Snow, Ice and Water – Obergurgl, Austria

Snowshoe Hike - Obergurgl, Austria

This story begins high above the alps.  It is a story of change. Of transition and of voyage.  It is a story of simple contrasts, long trips, and the small details that define the world around us.  It begins in the uppermost reaches of roiling clouds as they form along the border between the Austrian and Italian Alps. Casually adrift they eventually find themselves caught; snagged on jagged mountain peaks dotted by the sharp protrusions of evergreen treetops.  As gravity takes hold and nature pulls the clouds downward a process as old as the earth unfolds. Water vapor rises, condenses, and crystallizes. Like a master tinkerer, the cloud crafts trillions of tiny stars. Each is an ever-so-slight variation of the star shape we picture as we close our eyes and dream of winter.  These newly born stars float suspended in quasi-darkness thousands of feet above the earth waiting to launch themselves upon the world below.

Ice, Snow and Water - Obergurgl, Austria

With the gust of wind, a change in pressure, and a drop in temperature clouds struggle to free themselves of their mountain moorings. As they lighten their loads snowflakes begin their gentle descent.  Some find themselves falling quickly, others drifting as they are tossed from side to side by alpine winds. They descend towards fallen brethren.  Some revert to their watery origins – torn apart – by waves of heat.  Others are thrown together, crushed within the feathers of sharp-eyed golden eagles or the furrows of  an Alps-Crow’s black wings.  Most survive to continue their reckless descent.

Ice, Snow and Water - Obergurgl, Austria

For some their trip comes to an untimely end.  Extinguished by the heat of a child’s outstretched tongue.  Others find themselves caught in the top branches of old trees and small spring saplings. A perch that lends a fabulous view of the valley’s white slopes and snow-covered fields, but which also offers them up as sacrifice to the sun in a way reminiscent of ancient Incan ceremonies.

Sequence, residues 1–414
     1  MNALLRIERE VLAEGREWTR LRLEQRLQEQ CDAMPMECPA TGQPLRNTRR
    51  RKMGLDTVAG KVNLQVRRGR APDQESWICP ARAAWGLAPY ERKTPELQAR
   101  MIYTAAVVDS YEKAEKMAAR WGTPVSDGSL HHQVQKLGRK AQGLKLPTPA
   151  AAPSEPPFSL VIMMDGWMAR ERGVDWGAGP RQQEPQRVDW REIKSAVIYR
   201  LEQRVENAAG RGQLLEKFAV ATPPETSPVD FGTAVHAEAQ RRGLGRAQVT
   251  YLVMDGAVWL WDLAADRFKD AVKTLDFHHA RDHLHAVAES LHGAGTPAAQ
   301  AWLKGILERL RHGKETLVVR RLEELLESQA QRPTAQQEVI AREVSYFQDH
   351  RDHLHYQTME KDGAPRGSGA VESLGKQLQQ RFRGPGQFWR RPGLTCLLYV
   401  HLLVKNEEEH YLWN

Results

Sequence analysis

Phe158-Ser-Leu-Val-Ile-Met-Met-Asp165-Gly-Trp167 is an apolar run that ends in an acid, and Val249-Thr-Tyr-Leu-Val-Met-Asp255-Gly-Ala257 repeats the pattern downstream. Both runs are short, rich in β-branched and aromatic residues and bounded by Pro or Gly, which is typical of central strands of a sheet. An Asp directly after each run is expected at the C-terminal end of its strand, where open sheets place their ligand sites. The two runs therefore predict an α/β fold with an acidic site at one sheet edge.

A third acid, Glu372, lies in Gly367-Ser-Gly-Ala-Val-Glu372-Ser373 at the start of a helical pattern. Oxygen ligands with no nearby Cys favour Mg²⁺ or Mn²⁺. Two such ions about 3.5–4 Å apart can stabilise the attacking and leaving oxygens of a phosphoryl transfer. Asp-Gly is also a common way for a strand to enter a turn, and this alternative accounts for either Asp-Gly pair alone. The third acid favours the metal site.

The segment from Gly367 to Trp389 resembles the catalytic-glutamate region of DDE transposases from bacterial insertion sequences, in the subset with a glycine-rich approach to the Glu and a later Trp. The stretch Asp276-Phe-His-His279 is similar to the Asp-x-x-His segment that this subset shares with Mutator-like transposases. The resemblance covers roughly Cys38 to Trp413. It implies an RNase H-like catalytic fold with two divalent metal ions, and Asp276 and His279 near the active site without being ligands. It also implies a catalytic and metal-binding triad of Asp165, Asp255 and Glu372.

Ice, Snow and Water - Obergurgl, Austria

Others find themselves surrounded by their brethren as they cast a thick blanket across the earth’s rich soil.  It is a war of sorts. The war of seasons. In winter frozen snowflakes spread themselves across the soil’s surface,  blocking it from the sun and denying it the liquid hydration it demands to survive.  In summer, when the dark hues of rich humus and golden rays of the sun combine, the earth finds itself hungrily gorging itself on water that has long forgotten what it felt like to take the form of a frozen star.

Ice, Snow and Water - Obergurgl, Austria

As day ebbs and night descends a full moon’s white light is reflected off a trillion sparkling points.  Each dreams of a life spent beside the moon in the deepest reaches of space as a small part of the Milky Way.  Instead, small gusts of wind cast snowflakes back into the air, tossing and turning them before allowing them to crash back against their mates.

Ice, Snow and Water - Obergurgl, Austria

Morning’s early rays. Warmth. Blue skies. Sun.  The shimmer of heat rising, reflected off white crystalline shapes.  A reversion from tiny star to water and gas. A new voyage, this one slow but persistent. Soaking deep into the half-frozen soil.  Drifting across slicked rocks. Carried along by un-melted snowflakes.

Ice, Snow and Water - Obergurgl, Austria

The birth of a small stream hidden beneath snowbanks. The soft gurgle of water splashing over stones as a trickle grows, freed by the sun.  The promise of spring as weather warms. Tiny crystalline star after tiny crystalline star giving way to heat, sun, and the caress of water.  Moments of uncertainty as the gentle onslaught of a stream slowly carves grottos beneath the snow’s smooth white surface. And then collapse as the strength of millions of interlocked snowflakes give way beneath their own weight.

Ice, Snow and Water - Obergurgl, Austria

Moments. Hours. Days of tentative equilibrium as stream, sun and snowflake reach a fragile balance.  By day the sun beats down, forcing snow flakes to wither and drip their way toward the stream.  By evening, night and early morning the cold caress of alpine winds, fresh snow, and freezing air strive to re-claim lost snowflakes.

Ice, Snow and Water - Obergurgl, Austria

Half-exposed segments of the stream re-discover their crystalline origins.  These re-freeze on a much grander scale.   Their struggle futile. Brief. But beautiful in its grand gestures.  Others struggle in transition.  Most of their form lost. They form pillars by gravity and circumstance that stand as bulwarks against the stream’s cold bite as they loom above the churning waters.

Ice, Snow and Water - Obergurgl, Austria